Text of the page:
• People who had surgery were generally able to be more active and had less leg pain than those who had nonsurgical treatment. footnote 3
  • Surgery appears to be more effective for leg pain than for back pain, but it may help both. footnote 4

But symptoms may return after several years. Some people may need a second surgery if:

  • Spinal stenosis develops in another area of the spine.
  • The earlier surgery hasn't controlled symptoms.
  • The spine becomes unstable, or fusion does not occur.
  • Regrowth of tissue (lamina) presses on the spinal cord or spinal nerve roots.

Spinal fusion may be done at the same time as laminectomy. Spinal fusion may help to stabilize sections of the spine that have been treated with laminectomy. In general, fusion is only done if an area of the spine is unstable. This means that the bones of the spine (vertebrae) move too much or don't move in a normal way. This extra movement causes wear and tear on the nerves or other soft tissues, leading to irritation and pain. The goal of fusion is to keep the damaged bones in the spine from moving so that the soft tissues are protected.

Risks

Risks

Complications from spinal stenosis surgery may depend on what other medical problems you have and how severe your spinal problem is. Also, all surgery poses risks of complications. These complications may be more serious in an older adult.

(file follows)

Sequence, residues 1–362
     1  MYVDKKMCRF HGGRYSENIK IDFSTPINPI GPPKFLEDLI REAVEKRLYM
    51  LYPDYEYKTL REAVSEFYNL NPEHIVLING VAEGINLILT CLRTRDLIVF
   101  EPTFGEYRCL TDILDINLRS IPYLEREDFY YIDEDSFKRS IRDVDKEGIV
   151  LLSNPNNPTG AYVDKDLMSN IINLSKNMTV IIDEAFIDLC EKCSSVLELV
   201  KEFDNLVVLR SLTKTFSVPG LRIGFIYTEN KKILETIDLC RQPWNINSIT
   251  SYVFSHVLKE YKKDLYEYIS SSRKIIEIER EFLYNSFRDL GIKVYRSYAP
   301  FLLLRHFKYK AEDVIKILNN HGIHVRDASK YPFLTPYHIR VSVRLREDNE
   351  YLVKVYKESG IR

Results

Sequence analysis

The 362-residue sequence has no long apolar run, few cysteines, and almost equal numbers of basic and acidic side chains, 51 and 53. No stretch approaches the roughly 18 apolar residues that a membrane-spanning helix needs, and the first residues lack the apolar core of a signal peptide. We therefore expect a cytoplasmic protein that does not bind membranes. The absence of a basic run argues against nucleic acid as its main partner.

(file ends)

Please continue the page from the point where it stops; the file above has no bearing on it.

Possible complications include:

  • Problems from anesthesia.
  • A deep infection in the surgical wound.
  • A skin infection.
  • Blood clots.
  • An unstable spine.
  • Nerve injury, including weakness, numbness, or paralysis.
  • Tears in the fibrous tissue that covers the spinal cord and the nerve near the spinal cord. This sometimes requires a second surgery.
  • Trouble passing urine, or loss of bladder or bowel control.
  • Long-term (chronic) pain, which develops after surgery in some cases.
  • Death from problems caused by surgery. But this is rare.

If you have diabetes or circulation problems or if you smoke, you may be at greater risk for complications.

References

References

Citations

  1. Weinstein JN, et al. (2008). Surgical versus nonsurgical therapy for lumbar spinal stenosis. New England Journal of Medicine, 358(8): 794–810.
  2. Weinstein JN, et al. (2010). Surgical versus nonoperative treatment for lumbar spinal stenosis four-year results of the Spine Patient Outcomes Research Trial. Spine, 35(14): 1329–1338.
  3. Lurie JD, et al. (2015). Long-term outcomes of lumbar spinal stenosis. Spine, 40(2): 63-76. DOI: 10.1097/BRS.0000000000000731. Accessed March 21, 2017.
  4. Pearson A, et al. (2011). Predominant leg pain is associated with better surgical outcomes in degenerative spondylolistheses and spinal stenosis: Results from the Spine Patient Outcomes Research Trial (SPORT). Spine, 36(3): 219–229.

This information does not replace the advice of a doctor. Healthwise, Incorporated, disclaims any warranty or liability for your use of this information. Your use of this information means that you agree to the Terms of Use. Learn how we develop our content.